The Raven Boys by Maggie StiefvaterThe Raven Boys by Maggie Stiefvater
Series: The Raven Cycle #1
Published by Scholastic Press on September 18th 2012
Genres: Young Adult, Paranormal
Pages: 409

Every year, Blue Sargent stands next to her clairvoyant mother as the soon-to-be dead walk past. Blue never sees them--until this year, when a boy emerges from the dark and speaks to her.

His name is Gansey, a rich student at Aglionby, the local private school. Blue has a policy of staying away from Aglionby boys. Known as Raven Boys, they can only mean trouble.

But Blue is drawn to Gansey, in a way she can't entirely explain. He is on a quest that has encompassed three other Raven Boys: Adam, the scholarship student who resents the privilege around him; Ronan, the fierce soul whose emotions range from anger to despair; and Noah, the taciturn watcher who notices many things but says very little.

For as long as she can remember, Blue has been warned that she will cause her true love to die. She doesn't believe in true love, and never thought this would be a problem. But as her life becomes caught up in the strange and sinister world of the Raven Boys, she's not so sure anymore.

3.5 Stars

So technically, this was more like a 3.75 than 3.5 stars for me. Do you see, dear friends, what this book has done to me? Call the police! I would like to press charges against this book for making me give a three-quarter star!

The Raven Boys is the solid start to a promising fantasy series weaving a compelling tale of magical forests, ancient kings, and power and greed. But foremost, this is a story about love, friendship, and sacrifice. Are thou ready to be enchanted by the Raven boys?

“Aglionby Academy was the number one reason Blue had developed her two rules: One, stay away from boys because they were trouble. And two, stay away from Aglionby boys, because they were bastards.”

I know that, if you’re reading this and you’re a Raven Boys enthusiast, you’re disappointed that I didn’t give this 5 stars. The thing is: The beginning was very, very slow. I found the book easy to put aside even after having reached the 50% mark, whereas the ending was so gripping I couldn’t stop reading. This doesn’t mean I wasn’t invested throughout the book but it hadn’t completely sucked me in until shit got real towards the end.

The world-building was more confusing than enlightening at first, which increased the difficulties I experienced getting into this series. I do love the magic concept, though! Blue’s family being psychic was intriguing but nothing compared to the broader concept. I love how Stiefvater created a magical element – the Ley lines – that is impalpable, mysterious, and dangerous. The little twist at the end, hinting at further magical development, had my blood pressure increase quite a bit. I’m curious to find out what Stiefvater has in store for Blue and the boys (one boy in particular) in the next instalment.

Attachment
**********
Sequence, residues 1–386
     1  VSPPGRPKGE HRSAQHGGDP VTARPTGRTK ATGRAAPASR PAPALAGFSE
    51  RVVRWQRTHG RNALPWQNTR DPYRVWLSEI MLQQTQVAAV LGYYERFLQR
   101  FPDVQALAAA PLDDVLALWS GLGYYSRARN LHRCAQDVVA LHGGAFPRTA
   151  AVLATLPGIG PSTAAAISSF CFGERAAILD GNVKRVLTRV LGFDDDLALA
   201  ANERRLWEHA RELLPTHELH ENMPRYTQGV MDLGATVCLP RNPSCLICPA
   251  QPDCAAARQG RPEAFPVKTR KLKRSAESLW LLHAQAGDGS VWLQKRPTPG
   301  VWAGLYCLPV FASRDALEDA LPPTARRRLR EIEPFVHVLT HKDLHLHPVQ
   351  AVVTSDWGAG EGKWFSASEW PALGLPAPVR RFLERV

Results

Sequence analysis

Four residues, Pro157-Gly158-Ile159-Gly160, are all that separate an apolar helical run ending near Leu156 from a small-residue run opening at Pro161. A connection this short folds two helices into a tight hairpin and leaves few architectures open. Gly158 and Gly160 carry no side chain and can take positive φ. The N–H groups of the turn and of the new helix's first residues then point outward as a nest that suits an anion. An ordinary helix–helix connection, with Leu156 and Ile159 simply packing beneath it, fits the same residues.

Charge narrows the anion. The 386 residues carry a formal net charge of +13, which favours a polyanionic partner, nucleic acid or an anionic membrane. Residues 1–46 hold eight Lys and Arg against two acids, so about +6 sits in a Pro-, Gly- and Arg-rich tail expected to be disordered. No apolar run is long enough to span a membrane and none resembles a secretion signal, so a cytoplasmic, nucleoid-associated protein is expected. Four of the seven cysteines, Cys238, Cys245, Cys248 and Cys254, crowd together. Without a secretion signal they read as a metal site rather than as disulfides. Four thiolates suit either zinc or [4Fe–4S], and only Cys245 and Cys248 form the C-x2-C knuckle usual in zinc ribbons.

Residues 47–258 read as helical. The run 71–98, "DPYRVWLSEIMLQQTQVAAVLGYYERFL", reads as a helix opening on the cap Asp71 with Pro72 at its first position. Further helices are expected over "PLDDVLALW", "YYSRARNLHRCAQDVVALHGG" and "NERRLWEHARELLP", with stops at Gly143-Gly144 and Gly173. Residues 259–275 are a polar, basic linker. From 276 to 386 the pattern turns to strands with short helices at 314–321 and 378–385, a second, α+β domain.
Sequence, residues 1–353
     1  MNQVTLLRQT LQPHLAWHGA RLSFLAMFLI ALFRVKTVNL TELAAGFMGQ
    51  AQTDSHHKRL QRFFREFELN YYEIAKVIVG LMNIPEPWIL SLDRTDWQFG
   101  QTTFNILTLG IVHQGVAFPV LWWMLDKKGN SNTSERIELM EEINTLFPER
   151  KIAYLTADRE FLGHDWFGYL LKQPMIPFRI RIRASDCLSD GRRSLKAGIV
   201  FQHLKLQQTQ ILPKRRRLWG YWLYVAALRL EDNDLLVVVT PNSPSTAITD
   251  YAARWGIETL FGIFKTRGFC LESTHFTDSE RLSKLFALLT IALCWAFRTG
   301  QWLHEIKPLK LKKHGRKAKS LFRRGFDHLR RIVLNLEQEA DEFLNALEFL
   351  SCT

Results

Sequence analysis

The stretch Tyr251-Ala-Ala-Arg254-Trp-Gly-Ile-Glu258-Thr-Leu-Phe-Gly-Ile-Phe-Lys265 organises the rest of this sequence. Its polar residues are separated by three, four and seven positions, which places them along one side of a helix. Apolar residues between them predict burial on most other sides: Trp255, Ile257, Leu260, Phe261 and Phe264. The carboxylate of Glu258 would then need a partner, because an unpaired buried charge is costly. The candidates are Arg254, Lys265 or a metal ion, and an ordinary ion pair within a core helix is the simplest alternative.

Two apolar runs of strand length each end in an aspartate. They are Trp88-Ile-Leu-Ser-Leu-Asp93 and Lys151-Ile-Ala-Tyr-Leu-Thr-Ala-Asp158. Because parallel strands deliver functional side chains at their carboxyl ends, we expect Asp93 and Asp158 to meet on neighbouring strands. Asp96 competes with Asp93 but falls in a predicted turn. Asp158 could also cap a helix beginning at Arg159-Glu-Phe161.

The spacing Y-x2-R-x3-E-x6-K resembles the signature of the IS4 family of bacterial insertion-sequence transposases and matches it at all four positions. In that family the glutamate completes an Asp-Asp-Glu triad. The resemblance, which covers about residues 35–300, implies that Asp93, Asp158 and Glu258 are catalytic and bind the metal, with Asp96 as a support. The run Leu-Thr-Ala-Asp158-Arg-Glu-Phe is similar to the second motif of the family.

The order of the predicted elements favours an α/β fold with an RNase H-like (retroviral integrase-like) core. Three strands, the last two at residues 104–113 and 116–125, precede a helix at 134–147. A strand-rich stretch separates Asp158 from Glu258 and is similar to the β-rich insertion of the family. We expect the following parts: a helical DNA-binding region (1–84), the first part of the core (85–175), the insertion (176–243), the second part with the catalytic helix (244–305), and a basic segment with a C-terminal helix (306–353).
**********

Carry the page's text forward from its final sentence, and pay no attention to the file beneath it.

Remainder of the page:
Needless to say, I love the characters. The boys are such a dynamic group of memorable individuals, and Blue was adorable with her funny outfits and her witty personality. If I could give the protagonists a separate rating from the plot, I’d give them a bazillion stars.

“Blue. My name’s Blue Sargent.”
Blue sighed. “Jane.”
“Oh, Jane! I thought that you were saying Blue for some reason.”

Blue’s character was easy to grow attached to. She’s a little different, a little quirky and so wonderfully naive. She’s from a psychic family yet she herself is not. Her family was equally likeable – her mother Maura is a bit excentric and doesn’t believe in traditional parenting, whereas her aunt Neeve spreads a little mystery, and her cousins Calla and Persephone are reliable sources for quick-witted retorts, having me crack up a few times.

The Aglionby Raven boys as individuals were so distinct, yet they form an entity difficult to think apart. I enjoyed all of them equally, yet for different reasons. Gansey is the leader, sort of. He’s a dreamer, an adventurer, he’s fixed on finding the Ley lines, and we learn he has a dangerous Bee allergy. Ronan is the troublemaker. He’s a foul-mouthed thing with a temper, more prone to act than to think. However, he’s an incredibly loyal figure. Adam is the bothered one. He’s quiet, a little shy and thoughtful. He’s not from a rich family like the other boys, which affects his self-worth. But he, like Ronan, is exceptionally loyal. Towards the ending, a reckless side of him begins to show. Noah is the peculiar one. His behaviour struck me as weird from the beginning. He’s a little awkward but quickly warms up to Blue. And he has a terrible secret.

An additional aspect worth mentiong is the writing. The writing is drop-dead beautiful. Stiefvater weaves words into delicate phrases as though this was ballet rather than written art. I kept making markers for sentences worth remembering. In addition, the sassy humour is an absolute delight to read.

I have no idea why I’m even writing a detailed review since I feel like the last person on Earth to have read this book, but I hope you all had a wonderful trip down memory lane!

Though the beginning was a bit slow and confusing, the book unfolded like a blossom, with the captivating characters being at its core, pulling you in until you’re caught up in their world of magic. (Ok, I feel like I went a little overboard with the figurative language there, but you get my point).